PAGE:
Non-Fiction Books:

The Color of the Land

Race, Nation, and the Politics of Landownership in Oklahoma, 1832-1929

Format

Paperback / softback

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The Color of the Land by David A. Chang
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Description

This title presents the changing definitions of what it means to be Native American, African American, or white. ""The Color of the Land"" brings together the histories of Oklahoma's Creek Indians, African Americans, and whites into one story that explores the way races and nations were made and remade in conflicts over who would own land, who would farm it, and who would rule it. This story disrupts expected narratives of the American past, revealing how identities - race, nation, and class - took new forms in struggles over the creation of different systems of property. Conflicts were unleashed by a series of sweeping changes: the forced 'removal' of the Creeks from their homeland to Oklahoma in the 1830s, the transformation of the Creeks' enslaved black population into landed black Creek citizens after the Civil War, the imposition of statehood and private landownership at the turn of the twentieth century, and the entrenchment of a sharecropping economy and white supremacy in the following decades. In struggles over land, wealth, and power, Oklahomans actively defined and redefined what it meant to be Native American, African American, or white. By telling this story, David Chang contributes to the history of racial construction and nationalism as well as to southern, western, and Native American history.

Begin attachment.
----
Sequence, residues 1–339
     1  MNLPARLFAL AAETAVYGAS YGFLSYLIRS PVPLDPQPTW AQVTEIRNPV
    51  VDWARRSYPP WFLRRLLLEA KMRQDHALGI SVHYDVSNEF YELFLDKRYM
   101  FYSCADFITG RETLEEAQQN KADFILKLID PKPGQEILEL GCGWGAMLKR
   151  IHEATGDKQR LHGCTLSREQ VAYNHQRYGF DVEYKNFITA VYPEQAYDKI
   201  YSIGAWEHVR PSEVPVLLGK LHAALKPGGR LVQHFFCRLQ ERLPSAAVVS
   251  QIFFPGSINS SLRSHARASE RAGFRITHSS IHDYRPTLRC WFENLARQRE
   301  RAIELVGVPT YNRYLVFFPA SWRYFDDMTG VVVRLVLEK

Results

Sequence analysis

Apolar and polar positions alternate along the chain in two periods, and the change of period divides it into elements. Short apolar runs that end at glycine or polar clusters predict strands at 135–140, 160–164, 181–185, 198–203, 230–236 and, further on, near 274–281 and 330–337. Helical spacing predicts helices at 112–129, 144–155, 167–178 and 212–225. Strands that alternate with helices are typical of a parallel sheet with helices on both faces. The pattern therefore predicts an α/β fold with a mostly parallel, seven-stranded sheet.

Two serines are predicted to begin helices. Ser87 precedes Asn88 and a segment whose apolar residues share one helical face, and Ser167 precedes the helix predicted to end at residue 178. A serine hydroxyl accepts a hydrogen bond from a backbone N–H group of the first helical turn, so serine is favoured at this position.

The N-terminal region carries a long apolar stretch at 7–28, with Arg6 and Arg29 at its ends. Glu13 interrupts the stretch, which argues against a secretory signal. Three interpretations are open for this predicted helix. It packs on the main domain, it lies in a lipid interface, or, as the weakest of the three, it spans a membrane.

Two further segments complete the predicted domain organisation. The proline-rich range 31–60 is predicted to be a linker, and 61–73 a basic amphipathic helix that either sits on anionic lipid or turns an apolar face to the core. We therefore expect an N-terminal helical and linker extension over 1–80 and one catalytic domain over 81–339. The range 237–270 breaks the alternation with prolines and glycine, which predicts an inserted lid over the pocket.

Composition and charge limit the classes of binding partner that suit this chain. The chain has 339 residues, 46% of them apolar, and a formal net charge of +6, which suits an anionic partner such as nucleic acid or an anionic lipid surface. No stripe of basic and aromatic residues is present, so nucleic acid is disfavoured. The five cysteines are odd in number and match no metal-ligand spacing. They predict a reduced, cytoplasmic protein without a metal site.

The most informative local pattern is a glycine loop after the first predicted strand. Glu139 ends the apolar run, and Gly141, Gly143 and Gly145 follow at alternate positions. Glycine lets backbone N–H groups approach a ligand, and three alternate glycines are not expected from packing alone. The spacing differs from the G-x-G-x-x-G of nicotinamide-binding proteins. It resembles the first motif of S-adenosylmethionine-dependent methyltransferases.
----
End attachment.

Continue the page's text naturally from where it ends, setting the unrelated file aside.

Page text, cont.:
Author Biography

DAVID A. CHANG is assistant professor of history at the University of Minnesota.
Release date Australia
February 15th, 2010
Country of Publication
United States
Edition
New edition
Imprint
The University of North Carolina Press
Pages
312
Dimensions
156x235x19
ISBN-13
9780807871065
Product ID
4017741

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